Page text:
• Cancer

    TUESDAY Q & A: Baseline risk assessment gives patients better understanding of skin cancer risk

DEAR MAYO CLINIC: My physician recommended that I be screened by a dermatologist for a baseline risk assessment. What is this, and is it necessary? I use sunscreen regularly and have skin that normally does not burn. Am I still at risk for skin cancer?

ANSWER: Anyone can get skin cancer. So it is a good idea for everyone to get a baseline risk assessment from a dermatologist. This assessment can give you a better understanding of your risk for developing skin cancer. It also can help determine how often you should see a dermatologist for checkups in the future.

There are three major types of skin cancer: melanoma, basal cell cancer and squamous cell cancer. Basal cell skin cancer is the most common kind of cancer worldwide. Squamous cell skin cancer is the second most common. Although less common than the other two, melanoma is a more serious type of skin cancer that can be difficult to treat if it is not caught early.

Many skin cancers do not cause obvious symptoms. The only indication people often have of skin cancer is a new growth on the skin or a skin change. Occasionally, skin cancer may be painful to the touch or bleed when lightly bumped.

The lack of symptoms makes timely checkups with a dermatologist critical in catching skin cancer early — when it is easier to treat. That’s where a baseline risk assessment comes in. The best time to have one is near the end of puberty, usually in the late teens. At the assessment, a dermatologist examines your skin and reviews your skin cancer risk factors. Based on your risk, you are given a recommendation on how often you should have follow-up appointments.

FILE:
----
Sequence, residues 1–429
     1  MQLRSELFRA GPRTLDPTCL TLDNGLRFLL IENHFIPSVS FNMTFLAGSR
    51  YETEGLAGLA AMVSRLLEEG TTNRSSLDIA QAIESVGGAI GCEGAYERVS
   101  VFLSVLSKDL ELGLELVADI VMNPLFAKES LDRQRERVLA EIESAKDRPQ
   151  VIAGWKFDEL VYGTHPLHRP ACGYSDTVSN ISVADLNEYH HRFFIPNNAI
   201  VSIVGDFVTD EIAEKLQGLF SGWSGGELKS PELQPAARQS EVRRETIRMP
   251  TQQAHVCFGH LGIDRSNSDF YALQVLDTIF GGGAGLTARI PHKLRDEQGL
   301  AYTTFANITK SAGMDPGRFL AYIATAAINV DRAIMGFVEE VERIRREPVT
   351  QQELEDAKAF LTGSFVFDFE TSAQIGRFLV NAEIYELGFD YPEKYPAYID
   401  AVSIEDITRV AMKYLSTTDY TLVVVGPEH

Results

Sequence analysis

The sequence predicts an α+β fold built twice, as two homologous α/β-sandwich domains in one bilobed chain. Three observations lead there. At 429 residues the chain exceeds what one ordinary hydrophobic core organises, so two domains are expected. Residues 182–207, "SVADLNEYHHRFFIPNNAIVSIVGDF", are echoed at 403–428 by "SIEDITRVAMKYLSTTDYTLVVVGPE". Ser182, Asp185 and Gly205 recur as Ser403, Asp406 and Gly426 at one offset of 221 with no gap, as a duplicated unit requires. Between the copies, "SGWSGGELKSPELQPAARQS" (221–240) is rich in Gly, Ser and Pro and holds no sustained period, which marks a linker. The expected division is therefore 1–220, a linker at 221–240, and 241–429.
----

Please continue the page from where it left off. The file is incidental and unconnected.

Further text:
As you mention, skin type does play a role in skin cancer risk. People with fair skin who burn easily are at higher risk. But keep in mind that people with darker complexions can get skin cancer, too. The fact that you don’t typically burn is no guarantee you won’t get skin cancer.

Where you live makes a difference. Exposure to ultraviolet, or UV, rays from the sun is a risk factor for skin cancer. The closer you live to the equator, the stronger the UV rays. So, for example, someone living in Florida may be at higher risk for skin cancer than someone living in Maine, simply due to location. In addition, UV rays are stronger at higher elevations. That means people who live at sea level may have a lower skin cancer risk than those who live in the mountains.

Your amount of sun exposure contributes to your risk, as well. There is evidence that people who had multiple blistering sunburns as children are at high risk for developing melanoma. In addition, there is increasing evidence that sun exposure as an adult is important, as well.  Therefore everyone should take steps to protect themselves from the sun. Wear sunscreen on a regular basis. Avoid the mid-day sun. Wear protective clothing and a hat with a wide brim.

Finally, genetics are important, too. People who have a family history of skin cancer are more likely to develop skin cancer than those who do not. During a baseline assessment, the dermatologist will ask questions about your family history to help determine your risk. With this in mind, you may want to learn more about the history of skin cancer in your family before your appointment.

The assessment helps determine how often you need to see a dermatologist. Some people at high risk for skin cancer need to be seen every three to six months. Others who are at low risk may only need to check in every other year. The frequency all depends on your individual situation. After your assessment, talk to your dermatologist about the best schedule for you, based on your skin cancer risk factors. Anokhi Jambusaria-Pahlajani, M.D., Dermatology, Mayo Clinic, Jacksonville, Fla.